Would I Recommend this Book?:  Yes definitely.  Especially if you're a little concerned about magical realism.

Challenges Met?

Tuesday, September 1, 2015

Top Ten Tuesday: Top Ten Characters I Didn't Click With

Today's Top Ten Tuesday topic from The Broke and the Bookish is Characters I Just Didn't Click With.  Every once in awhile I'll be reading a book and one of the characters just doesn't work for me.  I'm not talking Amy Dunne from Gone Girl level terrifying but more just annoyances.  The kind of person you try to avoid if you accidentally run into them at the grocery store.

1.  Jo March from Little Women by Louisa May Alcott - I know this is blasphemy in the book world but I never really clicked with Jo.  Maybe because I don't have a real desire to write?  It's been awhile since I read it so I can give specific examples as to why she annoyed me but I remember not liking her and feeling guilty because I knew even at 10 that I was supposed to.  I do remember what really annoyed me was the whole Jo/Laurie/Amy thing.

2.  Olivia Pennywort from The Night Garden by Lisa Van Allen - This was my first experience with magical realism and the cover is gorgeous.  I really wanted to love this one and the descriptions of the garden were stunning.  However, Olivia was so stand-offish I just never could connect with her and after awhile I lost interest in the book.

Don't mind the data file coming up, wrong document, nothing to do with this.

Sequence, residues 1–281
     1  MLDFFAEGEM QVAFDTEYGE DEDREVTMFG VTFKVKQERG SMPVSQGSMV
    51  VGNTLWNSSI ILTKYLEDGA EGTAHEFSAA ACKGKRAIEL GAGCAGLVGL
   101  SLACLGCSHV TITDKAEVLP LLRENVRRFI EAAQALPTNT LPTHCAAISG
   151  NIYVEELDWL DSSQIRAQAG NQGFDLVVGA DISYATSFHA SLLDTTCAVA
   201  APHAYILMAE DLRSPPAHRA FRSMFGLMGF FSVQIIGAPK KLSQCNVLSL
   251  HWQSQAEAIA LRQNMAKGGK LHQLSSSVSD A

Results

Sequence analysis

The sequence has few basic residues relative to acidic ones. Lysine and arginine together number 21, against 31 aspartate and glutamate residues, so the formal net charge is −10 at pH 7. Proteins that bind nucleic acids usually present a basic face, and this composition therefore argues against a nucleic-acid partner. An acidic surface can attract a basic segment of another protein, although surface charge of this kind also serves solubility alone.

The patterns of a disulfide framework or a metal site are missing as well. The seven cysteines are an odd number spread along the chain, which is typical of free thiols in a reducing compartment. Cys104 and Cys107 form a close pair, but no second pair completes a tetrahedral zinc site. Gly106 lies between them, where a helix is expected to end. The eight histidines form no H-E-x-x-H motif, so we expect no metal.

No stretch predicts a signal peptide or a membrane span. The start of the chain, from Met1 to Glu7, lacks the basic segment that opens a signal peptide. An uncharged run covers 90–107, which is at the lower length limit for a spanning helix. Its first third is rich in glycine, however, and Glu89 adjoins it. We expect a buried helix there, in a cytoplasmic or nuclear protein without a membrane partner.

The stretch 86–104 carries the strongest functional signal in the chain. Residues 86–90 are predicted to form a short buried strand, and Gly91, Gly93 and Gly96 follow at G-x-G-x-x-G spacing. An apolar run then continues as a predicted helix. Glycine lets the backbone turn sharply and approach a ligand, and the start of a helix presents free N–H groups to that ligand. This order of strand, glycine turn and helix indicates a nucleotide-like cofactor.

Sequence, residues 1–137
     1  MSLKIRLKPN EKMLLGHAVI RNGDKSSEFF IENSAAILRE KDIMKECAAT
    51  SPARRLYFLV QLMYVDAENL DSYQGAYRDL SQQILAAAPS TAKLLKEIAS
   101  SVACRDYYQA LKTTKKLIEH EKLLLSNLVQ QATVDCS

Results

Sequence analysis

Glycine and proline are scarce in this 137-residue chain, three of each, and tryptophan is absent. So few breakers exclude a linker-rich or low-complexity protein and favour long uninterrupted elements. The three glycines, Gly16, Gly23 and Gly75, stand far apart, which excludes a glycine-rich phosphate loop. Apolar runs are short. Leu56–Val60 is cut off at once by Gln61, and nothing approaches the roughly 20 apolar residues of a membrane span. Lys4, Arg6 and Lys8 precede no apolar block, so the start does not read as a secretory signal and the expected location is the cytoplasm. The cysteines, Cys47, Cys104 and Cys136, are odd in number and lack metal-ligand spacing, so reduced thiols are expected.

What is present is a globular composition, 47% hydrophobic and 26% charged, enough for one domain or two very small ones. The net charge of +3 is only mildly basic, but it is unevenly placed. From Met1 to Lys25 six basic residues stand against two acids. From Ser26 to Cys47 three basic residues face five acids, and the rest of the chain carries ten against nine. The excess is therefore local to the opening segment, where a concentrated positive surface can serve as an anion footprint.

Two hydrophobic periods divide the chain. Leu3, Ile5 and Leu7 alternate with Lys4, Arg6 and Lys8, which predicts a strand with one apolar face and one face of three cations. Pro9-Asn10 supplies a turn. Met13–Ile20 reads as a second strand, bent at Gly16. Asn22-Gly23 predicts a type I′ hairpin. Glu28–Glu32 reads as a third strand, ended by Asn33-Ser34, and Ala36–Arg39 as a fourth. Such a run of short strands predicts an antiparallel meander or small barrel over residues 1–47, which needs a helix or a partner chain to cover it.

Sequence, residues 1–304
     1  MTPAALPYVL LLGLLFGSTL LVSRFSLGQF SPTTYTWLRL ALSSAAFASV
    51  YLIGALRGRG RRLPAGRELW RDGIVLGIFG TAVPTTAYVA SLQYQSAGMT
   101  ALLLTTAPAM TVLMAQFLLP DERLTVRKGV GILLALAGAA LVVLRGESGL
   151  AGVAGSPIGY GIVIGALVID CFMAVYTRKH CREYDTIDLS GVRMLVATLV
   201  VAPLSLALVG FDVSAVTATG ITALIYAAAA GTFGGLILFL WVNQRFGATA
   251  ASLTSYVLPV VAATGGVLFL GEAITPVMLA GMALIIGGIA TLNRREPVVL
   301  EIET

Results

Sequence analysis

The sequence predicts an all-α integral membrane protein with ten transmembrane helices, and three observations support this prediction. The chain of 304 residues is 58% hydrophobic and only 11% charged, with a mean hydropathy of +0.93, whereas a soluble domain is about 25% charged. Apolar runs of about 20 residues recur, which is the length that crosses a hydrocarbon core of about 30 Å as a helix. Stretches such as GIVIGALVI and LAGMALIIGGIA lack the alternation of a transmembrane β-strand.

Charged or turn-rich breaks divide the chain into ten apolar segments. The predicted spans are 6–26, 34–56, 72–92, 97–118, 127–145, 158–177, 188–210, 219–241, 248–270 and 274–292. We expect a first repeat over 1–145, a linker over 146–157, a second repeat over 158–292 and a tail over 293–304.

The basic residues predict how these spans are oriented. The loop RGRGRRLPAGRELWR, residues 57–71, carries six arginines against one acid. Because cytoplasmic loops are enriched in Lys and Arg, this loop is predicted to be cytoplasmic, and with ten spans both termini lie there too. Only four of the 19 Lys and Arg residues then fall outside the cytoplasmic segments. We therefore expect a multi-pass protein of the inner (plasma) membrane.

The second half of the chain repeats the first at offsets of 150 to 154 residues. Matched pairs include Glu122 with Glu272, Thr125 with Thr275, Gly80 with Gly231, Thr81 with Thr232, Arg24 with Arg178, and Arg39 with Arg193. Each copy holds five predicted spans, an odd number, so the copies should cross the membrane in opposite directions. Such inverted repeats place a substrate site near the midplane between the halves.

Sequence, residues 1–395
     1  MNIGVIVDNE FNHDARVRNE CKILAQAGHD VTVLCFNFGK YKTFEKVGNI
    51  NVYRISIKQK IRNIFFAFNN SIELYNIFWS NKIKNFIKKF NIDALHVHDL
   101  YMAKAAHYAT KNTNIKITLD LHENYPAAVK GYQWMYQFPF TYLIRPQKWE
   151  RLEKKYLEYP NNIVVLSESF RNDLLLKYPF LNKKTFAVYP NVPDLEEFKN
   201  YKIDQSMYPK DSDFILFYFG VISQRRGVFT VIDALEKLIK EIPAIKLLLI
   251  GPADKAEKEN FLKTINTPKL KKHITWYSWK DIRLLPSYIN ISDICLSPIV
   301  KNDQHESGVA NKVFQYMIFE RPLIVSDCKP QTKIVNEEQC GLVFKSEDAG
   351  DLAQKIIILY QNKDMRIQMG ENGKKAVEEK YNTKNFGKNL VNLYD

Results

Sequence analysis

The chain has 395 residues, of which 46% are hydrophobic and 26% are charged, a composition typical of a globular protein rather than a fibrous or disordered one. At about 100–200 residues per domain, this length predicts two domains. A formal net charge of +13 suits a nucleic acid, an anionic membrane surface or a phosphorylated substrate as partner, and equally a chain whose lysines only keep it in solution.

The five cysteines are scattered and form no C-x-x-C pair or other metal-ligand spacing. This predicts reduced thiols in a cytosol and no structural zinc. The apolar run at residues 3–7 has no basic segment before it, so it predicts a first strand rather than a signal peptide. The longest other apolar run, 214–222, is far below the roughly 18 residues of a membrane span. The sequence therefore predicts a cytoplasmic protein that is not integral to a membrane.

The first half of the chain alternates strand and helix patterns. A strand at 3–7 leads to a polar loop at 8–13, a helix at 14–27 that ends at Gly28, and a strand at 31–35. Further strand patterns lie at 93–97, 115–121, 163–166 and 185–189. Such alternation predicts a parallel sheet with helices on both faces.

3.  Kendra Michaels from The Naked Eye by Iris Johansen - One of the things I have realized when reading mysteries is that I don't have to really like the characters to enjoy the book and this is a great example of that.  While Kendra would definitely not be someone I would want to spend time with if I'm murdered I'd definitely want her investigating.

4.  Ava Wilder from London From My Windows by Mary Carter - On the other hand some genres are so character driven that not liking a character makes the book basically unreadable to me.  Unfortunately, this one was one of them.  I didn't expect to really be able to relate to Ava but I need to be able to like her in some way and I just couldn't.